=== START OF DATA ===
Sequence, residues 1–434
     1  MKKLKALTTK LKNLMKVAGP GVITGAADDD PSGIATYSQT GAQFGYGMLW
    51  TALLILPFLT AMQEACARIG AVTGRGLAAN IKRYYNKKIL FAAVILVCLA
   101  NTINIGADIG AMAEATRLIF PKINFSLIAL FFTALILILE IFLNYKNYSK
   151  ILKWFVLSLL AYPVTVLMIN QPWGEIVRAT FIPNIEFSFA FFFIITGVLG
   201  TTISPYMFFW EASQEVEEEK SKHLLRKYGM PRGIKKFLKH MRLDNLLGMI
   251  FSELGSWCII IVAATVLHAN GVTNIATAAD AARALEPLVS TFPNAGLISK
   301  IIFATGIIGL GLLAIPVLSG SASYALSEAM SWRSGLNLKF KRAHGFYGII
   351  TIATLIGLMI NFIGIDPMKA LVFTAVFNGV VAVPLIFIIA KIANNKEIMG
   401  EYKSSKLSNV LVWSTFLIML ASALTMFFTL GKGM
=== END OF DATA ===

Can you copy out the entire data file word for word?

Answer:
Sequence, residues 1–434
     1  MKKLKALTTK LKNLMKVAGP GVITGAADDD PSGIATYSQT GAQFGYGMLW
    51  TALLILPFLT AMQEACARIG AVTGRGLAAN IKRYYNKKIL FAAVILVCLA
   101  NTINIGADIG AMAEATRLIF PKINFSLIAL FFTALILILE IFLNYKNYSK
   151  ILKWFVLSLL AYPVTVLMIN QPWGEIVRAT FIPNIEFSFA FFFIITGVLG
   201  TTISPYMFFW EASQEVEEEK SKHLLRKYGM PRGIKKFLKH MRLDNLLGMI
   251  FSELGSWCII IVAATVLHAN GVTNIATAAD AARALEPLVS TFPNAGLISK
   301  IIFATGIIGL GLLAIPVLSG SASYALSEAM SWRSGLNLKF KRAHGFYGII
   351  TIATLIGLMI NFIGIDPMKA LVFTAVFNGV VAVPLIFIIA KIANNKEIMG
   401  EYKSSKLSNV LVWSTFLIML ASALTMFFTL GKGM